VICIS on broken Patrick Mahomes helmet: Not ideal, but helmet did its job

Saturday night's sub-zero conditions in Kansas City didn't break the record for coldest game. It did break the helmet of Patrick Mahomes.

The maker of the helmet has issued a statement explaining that, despite the failure of the helmet, it still successfully protected Mahomes.

"At VICIS, athlete safety is our top priority," the company said in a statement issued on Tuesday. "Extreme conditions like those experienced in Saturday evening's NFL playoff game are bound to test the limits of even the highest performing products. While outer shell damage is not ideal, the ZERO2 helmet did its job of protecting Patrick Mahomes during a head-to-head impact in unprecedented cold temperatures. The exclusive multi-layer technology employed in the VICIS ZERO2 helmet model utilizes a deformable outer shell, RFLX impact absorption layer, followed by a stiff inner shell. This design approach is similar to the crumple zone of modern cars, effectively absorbing and dispersing impact forces at the point of contact. This technology, which has earned the top ratings of the NFL Performance Testing rankings and sits atop the Virginia Tech ratings, has been adopted by several athletes across the NFL, NCAA, and throughout high school and youth football.

"VICIS helmets are extensively tested in high-impact conditions across a wide range of temperatures. We are committed to continuing our development of the safest helmets in football and working with our partners in the NFL and other organizations to constantly gain knowledge and continuously advance protective technology. We remain focused on protecting athletes at every level of play by developing the highest performing products available. As the leader in technology advancement within the football protective space, our confidence in the superior performance of our helmet designs has never been greater."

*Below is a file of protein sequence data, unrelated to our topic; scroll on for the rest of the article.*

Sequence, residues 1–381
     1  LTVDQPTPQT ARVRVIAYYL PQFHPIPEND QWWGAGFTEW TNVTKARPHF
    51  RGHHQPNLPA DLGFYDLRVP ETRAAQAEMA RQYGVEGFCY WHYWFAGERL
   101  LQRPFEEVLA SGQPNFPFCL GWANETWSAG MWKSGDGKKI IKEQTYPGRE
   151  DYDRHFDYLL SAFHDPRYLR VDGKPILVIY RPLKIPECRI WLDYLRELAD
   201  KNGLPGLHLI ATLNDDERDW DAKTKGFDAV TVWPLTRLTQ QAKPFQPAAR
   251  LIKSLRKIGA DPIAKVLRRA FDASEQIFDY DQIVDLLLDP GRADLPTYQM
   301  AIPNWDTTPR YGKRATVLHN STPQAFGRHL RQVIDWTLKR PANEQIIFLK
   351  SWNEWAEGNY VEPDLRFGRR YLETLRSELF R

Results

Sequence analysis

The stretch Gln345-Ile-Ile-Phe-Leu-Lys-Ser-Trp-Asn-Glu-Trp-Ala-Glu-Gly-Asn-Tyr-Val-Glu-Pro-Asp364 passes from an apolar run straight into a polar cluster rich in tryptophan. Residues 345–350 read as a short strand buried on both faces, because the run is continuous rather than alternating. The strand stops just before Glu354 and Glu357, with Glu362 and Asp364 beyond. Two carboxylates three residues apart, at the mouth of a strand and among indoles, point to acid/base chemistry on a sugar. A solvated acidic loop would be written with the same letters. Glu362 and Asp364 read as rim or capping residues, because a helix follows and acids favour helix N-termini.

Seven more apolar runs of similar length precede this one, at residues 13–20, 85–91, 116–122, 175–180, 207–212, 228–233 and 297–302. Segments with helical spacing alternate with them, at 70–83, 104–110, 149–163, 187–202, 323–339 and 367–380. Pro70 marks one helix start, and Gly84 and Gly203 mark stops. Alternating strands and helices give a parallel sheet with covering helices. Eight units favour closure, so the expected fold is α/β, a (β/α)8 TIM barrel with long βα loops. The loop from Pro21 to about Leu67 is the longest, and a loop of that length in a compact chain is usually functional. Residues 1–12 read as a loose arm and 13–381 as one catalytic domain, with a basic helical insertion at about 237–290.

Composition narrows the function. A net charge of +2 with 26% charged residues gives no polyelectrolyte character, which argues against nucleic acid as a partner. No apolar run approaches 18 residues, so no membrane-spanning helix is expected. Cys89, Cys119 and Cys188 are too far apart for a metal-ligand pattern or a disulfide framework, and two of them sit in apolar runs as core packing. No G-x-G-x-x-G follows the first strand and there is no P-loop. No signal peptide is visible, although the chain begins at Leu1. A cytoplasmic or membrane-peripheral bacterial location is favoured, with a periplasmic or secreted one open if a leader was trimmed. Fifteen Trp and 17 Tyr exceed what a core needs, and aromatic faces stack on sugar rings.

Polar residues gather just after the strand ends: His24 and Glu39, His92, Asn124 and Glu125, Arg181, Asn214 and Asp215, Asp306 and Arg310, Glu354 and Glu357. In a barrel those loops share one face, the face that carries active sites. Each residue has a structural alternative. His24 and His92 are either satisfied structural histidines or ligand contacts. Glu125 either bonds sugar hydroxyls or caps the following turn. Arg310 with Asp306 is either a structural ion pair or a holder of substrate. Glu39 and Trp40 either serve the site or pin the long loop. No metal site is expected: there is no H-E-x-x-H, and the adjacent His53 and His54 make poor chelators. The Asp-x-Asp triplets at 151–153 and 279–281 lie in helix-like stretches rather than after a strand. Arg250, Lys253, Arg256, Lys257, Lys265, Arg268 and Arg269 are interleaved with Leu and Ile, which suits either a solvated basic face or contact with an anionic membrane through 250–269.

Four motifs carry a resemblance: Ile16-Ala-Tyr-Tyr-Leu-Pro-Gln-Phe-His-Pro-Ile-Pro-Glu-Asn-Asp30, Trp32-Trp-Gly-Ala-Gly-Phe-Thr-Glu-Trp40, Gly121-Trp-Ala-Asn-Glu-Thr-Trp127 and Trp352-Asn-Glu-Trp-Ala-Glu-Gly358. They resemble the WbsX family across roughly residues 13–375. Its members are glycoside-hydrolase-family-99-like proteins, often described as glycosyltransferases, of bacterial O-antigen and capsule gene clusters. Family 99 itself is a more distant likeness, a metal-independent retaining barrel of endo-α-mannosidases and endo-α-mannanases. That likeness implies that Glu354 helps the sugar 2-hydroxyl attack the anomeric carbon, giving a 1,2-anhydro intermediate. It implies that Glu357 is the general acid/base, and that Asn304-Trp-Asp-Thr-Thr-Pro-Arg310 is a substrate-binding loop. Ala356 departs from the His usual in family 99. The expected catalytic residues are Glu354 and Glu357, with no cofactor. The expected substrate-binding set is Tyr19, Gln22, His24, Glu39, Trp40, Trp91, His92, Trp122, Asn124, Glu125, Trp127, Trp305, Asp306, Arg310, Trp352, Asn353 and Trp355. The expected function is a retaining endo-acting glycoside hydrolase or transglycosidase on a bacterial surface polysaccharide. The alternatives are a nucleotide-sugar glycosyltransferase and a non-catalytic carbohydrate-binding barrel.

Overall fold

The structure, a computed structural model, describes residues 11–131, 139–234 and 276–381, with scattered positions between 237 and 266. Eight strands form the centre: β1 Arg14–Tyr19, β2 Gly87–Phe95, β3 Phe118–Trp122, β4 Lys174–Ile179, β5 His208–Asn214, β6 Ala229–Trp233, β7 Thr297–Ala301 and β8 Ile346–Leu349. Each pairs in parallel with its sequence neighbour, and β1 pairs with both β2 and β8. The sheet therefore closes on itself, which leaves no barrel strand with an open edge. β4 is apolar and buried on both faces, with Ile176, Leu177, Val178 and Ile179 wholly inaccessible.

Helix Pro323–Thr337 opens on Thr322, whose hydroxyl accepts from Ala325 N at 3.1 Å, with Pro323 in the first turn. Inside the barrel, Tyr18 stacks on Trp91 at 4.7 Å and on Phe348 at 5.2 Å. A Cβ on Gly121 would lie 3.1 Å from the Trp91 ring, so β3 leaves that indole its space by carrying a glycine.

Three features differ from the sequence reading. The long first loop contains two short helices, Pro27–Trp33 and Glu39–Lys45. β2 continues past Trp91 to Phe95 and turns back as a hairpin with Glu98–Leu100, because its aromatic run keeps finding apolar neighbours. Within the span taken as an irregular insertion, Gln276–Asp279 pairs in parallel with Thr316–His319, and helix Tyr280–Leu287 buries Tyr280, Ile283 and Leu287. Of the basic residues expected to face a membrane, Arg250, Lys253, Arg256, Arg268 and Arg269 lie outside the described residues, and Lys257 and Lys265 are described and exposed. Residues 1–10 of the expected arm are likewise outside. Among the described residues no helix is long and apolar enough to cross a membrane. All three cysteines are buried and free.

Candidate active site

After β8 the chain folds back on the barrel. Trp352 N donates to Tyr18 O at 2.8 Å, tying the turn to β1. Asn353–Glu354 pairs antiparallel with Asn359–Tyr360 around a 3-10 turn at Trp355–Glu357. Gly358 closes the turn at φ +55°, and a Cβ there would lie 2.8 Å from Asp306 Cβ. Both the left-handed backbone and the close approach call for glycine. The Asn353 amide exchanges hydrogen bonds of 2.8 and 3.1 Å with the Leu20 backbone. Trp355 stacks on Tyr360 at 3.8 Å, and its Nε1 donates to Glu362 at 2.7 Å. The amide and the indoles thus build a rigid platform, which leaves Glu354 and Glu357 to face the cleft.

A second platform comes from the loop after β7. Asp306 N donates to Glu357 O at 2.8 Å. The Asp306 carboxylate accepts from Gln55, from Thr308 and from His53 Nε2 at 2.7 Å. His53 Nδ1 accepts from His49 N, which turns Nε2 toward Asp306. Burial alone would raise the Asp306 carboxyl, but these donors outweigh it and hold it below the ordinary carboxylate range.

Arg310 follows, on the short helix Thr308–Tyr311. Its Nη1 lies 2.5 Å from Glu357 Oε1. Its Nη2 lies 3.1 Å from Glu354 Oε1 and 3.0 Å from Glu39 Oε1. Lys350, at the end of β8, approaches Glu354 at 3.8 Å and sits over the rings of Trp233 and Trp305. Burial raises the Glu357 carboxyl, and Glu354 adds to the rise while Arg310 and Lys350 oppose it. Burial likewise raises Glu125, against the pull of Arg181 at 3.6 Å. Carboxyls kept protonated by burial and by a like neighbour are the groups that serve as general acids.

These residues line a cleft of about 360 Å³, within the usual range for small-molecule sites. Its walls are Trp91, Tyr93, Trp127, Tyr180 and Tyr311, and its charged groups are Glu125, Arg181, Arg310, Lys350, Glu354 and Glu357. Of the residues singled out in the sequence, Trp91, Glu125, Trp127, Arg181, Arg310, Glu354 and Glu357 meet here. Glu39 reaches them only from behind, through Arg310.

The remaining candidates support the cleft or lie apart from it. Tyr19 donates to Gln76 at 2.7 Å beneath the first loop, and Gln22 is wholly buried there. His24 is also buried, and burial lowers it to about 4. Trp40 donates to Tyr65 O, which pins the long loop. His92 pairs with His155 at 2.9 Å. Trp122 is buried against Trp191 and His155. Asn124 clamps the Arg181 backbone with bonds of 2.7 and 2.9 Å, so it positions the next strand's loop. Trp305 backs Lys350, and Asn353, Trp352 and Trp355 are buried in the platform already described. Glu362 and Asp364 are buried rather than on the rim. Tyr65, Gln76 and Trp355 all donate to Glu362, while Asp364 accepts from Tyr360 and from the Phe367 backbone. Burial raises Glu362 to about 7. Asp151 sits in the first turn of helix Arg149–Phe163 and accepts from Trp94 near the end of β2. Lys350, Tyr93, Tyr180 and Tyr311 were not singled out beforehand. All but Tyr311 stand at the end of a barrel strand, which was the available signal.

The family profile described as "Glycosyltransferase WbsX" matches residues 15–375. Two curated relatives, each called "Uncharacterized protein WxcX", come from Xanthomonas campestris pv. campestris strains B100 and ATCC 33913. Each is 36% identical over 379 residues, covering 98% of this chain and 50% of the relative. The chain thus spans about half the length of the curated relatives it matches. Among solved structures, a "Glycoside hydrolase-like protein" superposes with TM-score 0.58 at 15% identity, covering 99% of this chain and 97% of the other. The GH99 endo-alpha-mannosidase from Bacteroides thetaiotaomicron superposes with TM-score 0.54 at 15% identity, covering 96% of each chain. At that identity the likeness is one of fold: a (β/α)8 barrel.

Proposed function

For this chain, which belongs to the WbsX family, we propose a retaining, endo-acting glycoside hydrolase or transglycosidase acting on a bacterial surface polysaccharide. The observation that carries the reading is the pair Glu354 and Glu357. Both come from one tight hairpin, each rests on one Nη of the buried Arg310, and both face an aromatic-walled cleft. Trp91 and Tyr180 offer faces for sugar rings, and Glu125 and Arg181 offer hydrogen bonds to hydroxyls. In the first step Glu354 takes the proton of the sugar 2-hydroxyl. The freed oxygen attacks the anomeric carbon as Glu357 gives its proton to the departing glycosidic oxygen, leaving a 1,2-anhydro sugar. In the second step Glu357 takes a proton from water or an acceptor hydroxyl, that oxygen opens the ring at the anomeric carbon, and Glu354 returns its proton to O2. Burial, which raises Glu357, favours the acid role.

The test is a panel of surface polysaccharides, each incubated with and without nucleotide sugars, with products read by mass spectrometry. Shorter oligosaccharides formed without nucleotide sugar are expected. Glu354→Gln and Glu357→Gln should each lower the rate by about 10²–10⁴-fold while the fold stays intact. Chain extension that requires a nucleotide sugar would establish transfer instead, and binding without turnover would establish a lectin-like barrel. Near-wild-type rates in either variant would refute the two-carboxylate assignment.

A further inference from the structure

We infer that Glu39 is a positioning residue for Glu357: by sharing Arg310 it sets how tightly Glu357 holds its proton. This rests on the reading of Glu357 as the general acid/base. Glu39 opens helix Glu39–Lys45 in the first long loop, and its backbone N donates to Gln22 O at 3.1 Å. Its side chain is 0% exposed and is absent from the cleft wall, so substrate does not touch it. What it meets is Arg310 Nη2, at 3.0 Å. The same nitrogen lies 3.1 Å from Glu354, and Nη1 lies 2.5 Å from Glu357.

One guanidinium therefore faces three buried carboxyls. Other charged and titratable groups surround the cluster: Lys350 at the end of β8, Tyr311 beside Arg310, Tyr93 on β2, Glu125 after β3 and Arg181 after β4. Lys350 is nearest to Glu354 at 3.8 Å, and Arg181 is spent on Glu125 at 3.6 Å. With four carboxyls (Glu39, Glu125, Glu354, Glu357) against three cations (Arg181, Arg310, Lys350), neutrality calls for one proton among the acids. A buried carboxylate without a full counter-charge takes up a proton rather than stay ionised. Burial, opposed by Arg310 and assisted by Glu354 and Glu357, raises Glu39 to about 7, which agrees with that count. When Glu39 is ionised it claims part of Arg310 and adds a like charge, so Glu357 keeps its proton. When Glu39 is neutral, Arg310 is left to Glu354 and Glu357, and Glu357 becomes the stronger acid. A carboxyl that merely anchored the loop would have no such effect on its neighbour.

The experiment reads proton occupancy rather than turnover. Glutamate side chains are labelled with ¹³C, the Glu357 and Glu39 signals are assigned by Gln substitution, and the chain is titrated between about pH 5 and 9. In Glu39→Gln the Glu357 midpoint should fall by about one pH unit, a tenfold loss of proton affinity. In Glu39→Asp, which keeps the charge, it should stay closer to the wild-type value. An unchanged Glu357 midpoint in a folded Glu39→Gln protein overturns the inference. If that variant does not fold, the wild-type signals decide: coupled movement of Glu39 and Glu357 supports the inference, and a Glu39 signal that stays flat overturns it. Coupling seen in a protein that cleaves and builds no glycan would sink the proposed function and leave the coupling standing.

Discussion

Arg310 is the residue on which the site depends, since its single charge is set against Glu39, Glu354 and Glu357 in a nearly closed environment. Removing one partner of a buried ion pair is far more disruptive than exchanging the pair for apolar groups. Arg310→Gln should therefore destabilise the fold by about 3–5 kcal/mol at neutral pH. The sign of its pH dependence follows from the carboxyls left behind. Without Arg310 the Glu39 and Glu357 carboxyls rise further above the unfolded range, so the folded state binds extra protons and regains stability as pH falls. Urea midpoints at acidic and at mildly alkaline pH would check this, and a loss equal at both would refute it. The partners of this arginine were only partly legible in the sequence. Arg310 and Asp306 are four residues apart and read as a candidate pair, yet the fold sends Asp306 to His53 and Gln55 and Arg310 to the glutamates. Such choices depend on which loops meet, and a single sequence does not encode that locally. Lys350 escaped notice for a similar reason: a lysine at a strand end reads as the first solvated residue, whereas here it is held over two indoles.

Other questions remain. Does the "wide range" of temperatures include below zero, especially after the helmet has been in those conditions for multiple hours? As Chris Simms pointed out on Monday's PFT Live, was the periodic slamming of his helmet on the ground throughout the season a factor in the weakening of the shell?

Likewise, should there have been an immediate stoppage of play when Mahomes helmet broke? What specifically did happen and what should have happened?

We asked the NFL those last two questions on Sunday morning. The league did not respond.

Clearly, it's a horrible look from a health-and-safety standpoint to have a player's helmet literally break and for a piece of it to go flying and to have no one do anything about it. The officials didn't. The replay assistant didn't. The spotters didn't. No one did anything.

It could be another example of the NFL having too many people who have the power to stop play and that no one specific person has the gumption to do it, waiting instead for someone else to act. Likewise, it's possible no one even knew what the protocol would have been after the proverbial "stop" button was pressed. Remove Mahomes and require a backup to play until he has a sufficient helmet? Stop the game until he can get another helmet?

Here's one thing that is safe to say. There will be a procedure going forward. The NFL is notoriously reactive, not proactive. It failed to imagine the possibility of a helmet breaking during a game. Now that one has, it will develop a procedure for the next time it happens.